A hidden illness with potentially devastating effects, Diabetes is on the rise. Diagnosed in her early 20s, Jessica Heywood talks about coming to terms with Type 1 Diabetes, and offers her advice on how to cope …
I found out I had type 1 diabetes when … I went to see my doctor to collect some more contraceptive pill. Whilst there, I complained of needing the toilet all the time and being thirsty. My doctor wanted me to keep a diary of what I was drinking and when I was going to the toilet. She said we could then do a blood test. As I was leaving the surgery, she came running out after me and asked if I wanted to do a blood test now. I agreed. I then received a phone call that night from a doctor in a lab, he said ‘I’m just analysing your blood, how long have you known you were diabetic?’, I replied ‘I didn’t.’ He then asked how I was feeling and told me to go to hospital. I went back to my doctor in the morning, she sent me to hospital where I spent two days having leaflets, needles, insulin, blood glucose monitoring, and diet explained to me.
My symptoms were … I was dying of thirst. All the time. My mouth felt so dry, I literally drank pints and pints of water, could not go without having a drink in my hand. Because of this, I was going to the toilet every hour. I would get up five times a night. I also had no energy, no strength. I was a waitress in those days and I could barely lift a plate. It’s funny looking back in a way because that was my body dying.
The impact on my daily life is … Six or more injections a day. I’m constantly thinking about food. Not in a good way. Where is my next meal coming from? How long has it been since I last ate? Do I have enough insulin? If I don’t have any food and can’t see myself being available to get some then I panic, on the inside, but still it is a worry.
The biggest obstacles are … Having to say no to the cream cakes being passed around at work! Also, unfortunately, doctors and nurses who think they know best. It is very hard to find a good supportive doctor or nurse with diabetes. I feel lucky with my current doctor and nurse but if I can’t see either of them, you are just a patient on their computer. They look over your history and judge you and the computer tells them you are uncontrolled and so they tell you the same. They like to patronise you with their knowledge (which is always less than your own, as they don’t have the condition), tell you you’re going to lose your legs and go blind and die of heart disease. I’m not even joking. The contrast when you have a nice doctor is that he understands the stress of my life and my job, he doesn’t expect me to stop living and make diabetes the be all and end all. He wants it to work around me, but he says he is pleased with my blood results and gives me gentle encouragement should they be a bit too high.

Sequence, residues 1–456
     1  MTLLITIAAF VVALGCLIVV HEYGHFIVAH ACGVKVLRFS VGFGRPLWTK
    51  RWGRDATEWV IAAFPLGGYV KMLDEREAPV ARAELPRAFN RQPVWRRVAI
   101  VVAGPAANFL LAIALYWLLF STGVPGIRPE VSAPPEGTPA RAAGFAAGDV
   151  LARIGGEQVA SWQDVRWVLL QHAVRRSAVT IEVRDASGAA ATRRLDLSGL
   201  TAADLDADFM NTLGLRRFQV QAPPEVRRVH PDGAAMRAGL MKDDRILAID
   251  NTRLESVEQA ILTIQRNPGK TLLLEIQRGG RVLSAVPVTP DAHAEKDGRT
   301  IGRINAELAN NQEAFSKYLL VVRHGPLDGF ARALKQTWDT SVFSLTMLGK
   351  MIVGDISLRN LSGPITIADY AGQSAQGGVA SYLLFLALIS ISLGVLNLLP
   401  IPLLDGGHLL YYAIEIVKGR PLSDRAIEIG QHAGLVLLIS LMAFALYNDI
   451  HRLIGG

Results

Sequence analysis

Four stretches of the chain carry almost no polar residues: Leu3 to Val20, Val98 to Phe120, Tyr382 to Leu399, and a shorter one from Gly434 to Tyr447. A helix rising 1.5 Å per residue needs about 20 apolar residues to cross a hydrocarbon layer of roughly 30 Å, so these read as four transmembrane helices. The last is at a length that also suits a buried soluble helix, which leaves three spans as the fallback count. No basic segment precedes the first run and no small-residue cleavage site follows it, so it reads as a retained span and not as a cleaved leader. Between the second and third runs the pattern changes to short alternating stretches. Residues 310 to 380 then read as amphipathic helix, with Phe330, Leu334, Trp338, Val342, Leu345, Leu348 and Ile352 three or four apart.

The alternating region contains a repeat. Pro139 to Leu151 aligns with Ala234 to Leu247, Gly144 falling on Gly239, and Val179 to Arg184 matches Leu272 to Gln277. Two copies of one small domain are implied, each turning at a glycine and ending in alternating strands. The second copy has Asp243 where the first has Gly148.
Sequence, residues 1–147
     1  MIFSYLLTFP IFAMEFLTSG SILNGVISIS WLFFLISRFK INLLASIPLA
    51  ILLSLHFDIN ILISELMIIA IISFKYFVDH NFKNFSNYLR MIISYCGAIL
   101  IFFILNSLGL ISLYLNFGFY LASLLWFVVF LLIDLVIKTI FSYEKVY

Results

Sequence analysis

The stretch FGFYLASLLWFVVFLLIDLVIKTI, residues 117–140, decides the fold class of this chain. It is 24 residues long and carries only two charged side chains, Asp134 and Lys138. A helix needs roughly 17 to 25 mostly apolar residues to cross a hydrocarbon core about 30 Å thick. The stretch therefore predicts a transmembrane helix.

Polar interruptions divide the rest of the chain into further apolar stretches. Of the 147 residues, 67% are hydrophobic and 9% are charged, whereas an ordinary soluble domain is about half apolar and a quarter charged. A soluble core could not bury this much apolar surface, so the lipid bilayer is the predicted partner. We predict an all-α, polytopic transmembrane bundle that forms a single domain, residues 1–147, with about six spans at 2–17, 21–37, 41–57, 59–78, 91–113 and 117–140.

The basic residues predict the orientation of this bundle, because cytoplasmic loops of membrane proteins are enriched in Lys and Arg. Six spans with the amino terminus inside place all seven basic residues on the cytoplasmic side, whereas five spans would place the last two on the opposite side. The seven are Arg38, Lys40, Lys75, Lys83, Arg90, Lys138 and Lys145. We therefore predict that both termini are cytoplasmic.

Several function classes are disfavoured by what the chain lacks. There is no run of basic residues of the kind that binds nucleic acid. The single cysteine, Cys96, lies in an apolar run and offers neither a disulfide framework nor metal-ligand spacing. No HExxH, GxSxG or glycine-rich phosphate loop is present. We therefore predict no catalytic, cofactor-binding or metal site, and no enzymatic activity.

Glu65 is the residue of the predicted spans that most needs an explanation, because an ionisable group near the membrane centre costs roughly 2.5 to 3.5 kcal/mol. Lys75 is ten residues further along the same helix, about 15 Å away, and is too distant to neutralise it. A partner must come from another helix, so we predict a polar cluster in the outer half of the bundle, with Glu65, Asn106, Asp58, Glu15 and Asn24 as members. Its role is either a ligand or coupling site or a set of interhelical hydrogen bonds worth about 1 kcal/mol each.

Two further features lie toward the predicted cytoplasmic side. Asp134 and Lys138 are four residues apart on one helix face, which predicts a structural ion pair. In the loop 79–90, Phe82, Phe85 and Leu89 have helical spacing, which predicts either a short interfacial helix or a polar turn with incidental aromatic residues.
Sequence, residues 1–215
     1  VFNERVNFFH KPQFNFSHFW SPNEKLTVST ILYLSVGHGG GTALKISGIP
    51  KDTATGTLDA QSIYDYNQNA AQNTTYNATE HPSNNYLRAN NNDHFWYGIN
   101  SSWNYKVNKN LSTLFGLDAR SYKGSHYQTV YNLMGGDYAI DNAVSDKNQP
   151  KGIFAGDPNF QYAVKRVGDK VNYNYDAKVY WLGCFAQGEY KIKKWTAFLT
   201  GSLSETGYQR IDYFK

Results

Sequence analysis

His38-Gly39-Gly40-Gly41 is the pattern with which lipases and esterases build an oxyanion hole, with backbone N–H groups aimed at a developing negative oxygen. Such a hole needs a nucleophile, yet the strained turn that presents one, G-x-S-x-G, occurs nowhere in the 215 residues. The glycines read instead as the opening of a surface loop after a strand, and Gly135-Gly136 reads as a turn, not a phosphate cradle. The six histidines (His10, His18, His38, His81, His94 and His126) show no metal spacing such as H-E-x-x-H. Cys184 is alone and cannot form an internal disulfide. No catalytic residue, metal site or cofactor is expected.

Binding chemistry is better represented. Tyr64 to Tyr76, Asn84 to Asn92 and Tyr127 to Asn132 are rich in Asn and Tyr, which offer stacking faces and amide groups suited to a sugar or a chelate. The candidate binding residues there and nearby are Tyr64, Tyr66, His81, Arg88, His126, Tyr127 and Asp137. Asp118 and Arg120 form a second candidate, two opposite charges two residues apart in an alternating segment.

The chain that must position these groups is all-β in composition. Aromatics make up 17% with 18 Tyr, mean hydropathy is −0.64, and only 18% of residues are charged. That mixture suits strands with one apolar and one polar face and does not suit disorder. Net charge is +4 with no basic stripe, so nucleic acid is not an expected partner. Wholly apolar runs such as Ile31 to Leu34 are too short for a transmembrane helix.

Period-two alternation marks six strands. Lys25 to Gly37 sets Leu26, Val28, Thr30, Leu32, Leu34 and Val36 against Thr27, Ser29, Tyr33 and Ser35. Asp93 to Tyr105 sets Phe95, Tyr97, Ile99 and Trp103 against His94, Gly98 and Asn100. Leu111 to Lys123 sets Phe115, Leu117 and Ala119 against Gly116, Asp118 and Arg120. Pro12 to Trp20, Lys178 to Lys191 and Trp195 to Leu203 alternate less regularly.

The best thing I have learned through having Type 1 Diabetes is … I’m stronger than I thought I was. I just accepted it. There was no fuss, I just got on with it. I feel like I can take on anything. I have to keep myself alive by injecting insulin, if I didn’t I would die. That is a strange feeling, but I feel at peace with myself.
Other people can help by … Knowing the difference between type 1 and type 2. Diabetes isn’t really spoken about very much, it isn’t taught in schools. I didn’t know anything about it until I was diagnosed. It is such a serious condition and people don’t realise this because you can’t physically see it. It is always a relief when I am with someone who knows about diabetes, as when I say I feel low, they drop everything to find me some sugar and don’t leave me until they know I feel right again.
The best advice anyone has given me is … Trial and error. Figure out what works for you. We are all individuals and no two diabetics are the same.
My advice to anyone who has just been diagnosed is … It sucks. Deal with it.
The thing that makes me feel on top of the world is … Meditation! That, and knowing that my diabetes doesn’t define me. It is not something I have to drop in to every conversation and feel sorry for myself about. It’s there but it’s not me.
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